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A chatbot that blends information from multiple data sources. Currently configured for Slack, ChatGPT, and Bing Search. Try a live demo in the community slack at the link below.


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This project is under active development. Your experience will be buggy until a release has been cut. Naturally at this stage, there are no guarantees about stability.

In short, the current feature set is that you can have conversations that will be composed of responses from Bing Search, and Chat GPT.


Join the community slack channel to interact with @CogniQ, the demo bot deployed from this repository's main branch.

To use the Slack History personality (you'll get pestered otherwise), install the app once you've joined.

The above, but in checklist format (🎆):


The primary interface by which to use CogniQ is as a slack bot. You may direct message @CogniQ directly, or you may invoke it in a thread.

@CogniQ wil always start a new thread if not in a thread already. This is so that the memory of the conversation is segmented correctly.

In a channel or thread, mention @CogniQ

In Slack, have a conversation with CogniQ and ask it to do something by mentioning it in a thread or channel. For example:

@CogniQ What is the Picard Maneuver?

When starting a new conversation outside of a thread, @CogniQ will be initialized with the last 10 or so messages from the channel. This history may include messages in recent threads.

When starting a new conversation inside of a thread, @CogniQ will be initialized with the last 10 or so messages from the thread.

CogniQ will respond with the answer to your question.

In a direct message, just ask your question.

You can also message CogniQ directly. You do not have to mention it when you message it directly.

What is the Riker Maneuver?

CogniQ will stream its thinking before answering

Each personality comes up with an answer

The evaluator will compose a final answer.

CogniQ has multiple personalities

CogniQ will ask Chat GPT for an answer, and also search the web using Bing.

CogniQ will incorporate the top three search results into its answer and will provide links to any relevant sources.

It gets its answer by performing a straight query to ChatGPT and then using an agent to draw context from Bing Search. The set of responses are then combined to produce a search augmented response.

If you don't have access to one of the API keys required for the personality, then modify to remove the personality or personalities.

The idea is that one could add an arbitrary number of personalities to CogniQ.

In that sense, and are really just example files for how to use the library. You can use them as a starting point for your own bot.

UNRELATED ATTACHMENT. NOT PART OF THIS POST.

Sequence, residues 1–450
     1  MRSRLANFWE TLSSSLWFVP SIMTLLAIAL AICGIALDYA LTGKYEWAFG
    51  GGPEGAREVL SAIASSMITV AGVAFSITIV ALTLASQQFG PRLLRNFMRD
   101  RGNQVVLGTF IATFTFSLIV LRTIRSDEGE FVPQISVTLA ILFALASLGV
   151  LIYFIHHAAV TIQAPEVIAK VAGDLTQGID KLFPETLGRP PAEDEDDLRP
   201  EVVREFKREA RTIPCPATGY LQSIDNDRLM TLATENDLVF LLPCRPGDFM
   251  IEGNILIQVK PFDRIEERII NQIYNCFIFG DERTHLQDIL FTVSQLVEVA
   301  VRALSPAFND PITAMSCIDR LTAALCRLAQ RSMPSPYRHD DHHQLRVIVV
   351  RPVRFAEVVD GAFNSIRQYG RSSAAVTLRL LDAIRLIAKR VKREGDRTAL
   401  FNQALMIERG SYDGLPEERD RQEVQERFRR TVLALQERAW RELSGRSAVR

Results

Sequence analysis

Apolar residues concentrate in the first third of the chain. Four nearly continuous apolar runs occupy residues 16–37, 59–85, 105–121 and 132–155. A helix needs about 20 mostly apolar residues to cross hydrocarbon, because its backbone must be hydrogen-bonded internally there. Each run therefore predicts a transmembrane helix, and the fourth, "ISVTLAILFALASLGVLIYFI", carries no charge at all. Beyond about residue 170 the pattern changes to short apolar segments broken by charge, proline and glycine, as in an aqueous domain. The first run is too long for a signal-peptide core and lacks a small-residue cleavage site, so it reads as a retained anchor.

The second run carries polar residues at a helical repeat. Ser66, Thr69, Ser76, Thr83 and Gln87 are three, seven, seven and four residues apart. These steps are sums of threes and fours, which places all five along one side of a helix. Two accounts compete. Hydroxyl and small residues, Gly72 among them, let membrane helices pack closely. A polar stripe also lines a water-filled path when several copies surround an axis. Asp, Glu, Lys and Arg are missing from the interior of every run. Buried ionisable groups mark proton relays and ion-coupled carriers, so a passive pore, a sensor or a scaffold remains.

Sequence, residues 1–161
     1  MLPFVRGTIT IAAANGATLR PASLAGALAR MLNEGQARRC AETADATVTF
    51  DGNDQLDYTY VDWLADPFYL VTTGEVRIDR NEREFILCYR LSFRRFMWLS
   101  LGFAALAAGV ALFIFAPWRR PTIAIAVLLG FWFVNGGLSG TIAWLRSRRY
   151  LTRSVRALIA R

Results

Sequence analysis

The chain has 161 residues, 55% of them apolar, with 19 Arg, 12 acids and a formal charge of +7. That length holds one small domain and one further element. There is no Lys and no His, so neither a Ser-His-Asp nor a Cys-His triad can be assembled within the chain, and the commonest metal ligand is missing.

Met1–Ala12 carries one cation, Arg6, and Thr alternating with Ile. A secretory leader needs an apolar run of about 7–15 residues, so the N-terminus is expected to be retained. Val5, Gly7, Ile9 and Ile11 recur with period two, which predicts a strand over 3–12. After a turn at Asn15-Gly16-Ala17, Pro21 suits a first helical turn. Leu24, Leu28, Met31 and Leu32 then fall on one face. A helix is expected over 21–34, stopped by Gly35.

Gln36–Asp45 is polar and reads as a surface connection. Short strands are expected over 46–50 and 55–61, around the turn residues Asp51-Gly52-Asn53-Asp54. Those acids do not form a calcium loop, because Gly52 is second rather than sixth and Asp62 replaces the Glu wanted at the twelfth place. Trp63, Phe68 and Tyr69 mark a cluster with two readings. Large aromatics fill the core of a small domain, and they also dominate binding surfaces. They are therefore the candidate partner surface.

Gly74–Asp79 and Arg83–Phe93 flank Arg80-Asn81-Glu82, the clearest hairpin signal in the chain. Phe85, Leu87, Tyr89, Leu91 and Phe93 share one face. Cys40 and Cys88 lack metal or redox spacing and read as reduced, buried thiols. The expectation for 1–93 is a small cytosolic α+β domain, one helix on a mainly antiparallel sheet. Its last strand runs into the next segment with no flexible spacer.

Running locally

  • Install the prerequisites (see details in the development section)
# If you haven't already, initialize a virtualenv: 
python -m venv .venv

# Install the dependencies:  
make deps
source .venv/bin/activate

# Copy the example .env file to .env
cp .env.example .env

# Edit the .env file to add your API keys
echo "edit .env to add your API keys"

# Run the app

Running in a Docker container

docker run --env_file .env

Deploying to Azure Container Instances

See the workflow in .github/workflows/_deploy.yml.

The workflow is used to deploy the bot to the CogniQ Community Slack (please join!).


1. Prerequisites

Before you begin, make sure to have the following prerequisites in place:

Install CUDA if on Linux

To set up the development environment on Linux, follow these steps:

  1. Install the CUDA Toolkit 11. You can find the installation instructions on the NVIDIA website.

    1. The files should be installed to /usr/local/cuda-11.8/
    2. export LD_LIBRARY_PATH=/usr/local/cuda-11.8/lib64:/usr/local/cuda-11.8/extras/CUPTI/lib64
  2. Install cuDNN

    1. Install the cuDNN for CUDA 11 repo
    sudo dpkg -i /mnt/c/Users/myusername/Downloads/cudnn-local-repo-ubuntu2004-
    1. After the repo is installed, then install the package
    apt install libcudnn8
  3. Manually uncomment the pytorch source, and uncomment the torch dependency line for 2.0.1+cu118

  4. Install the dependencies and run the app:

    python -m venv .venv
    source .venv/bin/activate
    make deps

No need for CUDA on OSX environments

python -m venv .venv
source .venv/bin/activate
make deps

Visual Studio Code Dev Containers (Optional)

Docker Desktop

  1. Install Docker Desktop: Docker is used for creating isolated environments called containers. To install Docker Desktop, follow the instructions given in the official Docker documentation.

  2. Verify Docker Desktop Installation: After installing Docker Desktop, you can verify that it's installed correctly by opening a new terminal window and typing docker --version. You should see a message with your installed Docker version.

Install Visual Studio Code

  1. Install Visual Studio Code: VS Code is a code editor with support for development containers. To install VS Code, follow the instructions in the VS Code Documentation.

  2. Install Remote - Containers Extension: This extension lets you use a Docker container as a full-featured development environment. To install the extension, follow the instructions in the VS Code Documentation.

2. Setup API Keys

Get Bing Search API Keys

To set up Bing Search API keys, follow these steps:

  1. Sign in to your Microsoft account or create a new one at

  2. Click on "Create a resource" in the top-left corner of the Azure portal.

  3. In the search box, type "Bing Search v7" and select it from the list of results.

  4. Click the "Create" button to begin the process of setting up the Bing Search API.

  5. Fill out the required information:

    • Choose a subscription: Select your Azure subscription.
    • Choose a resource group: Create a new resource group or select an existing one.
    • Give your resource a name: Choose a unique name for your Bing Search resource.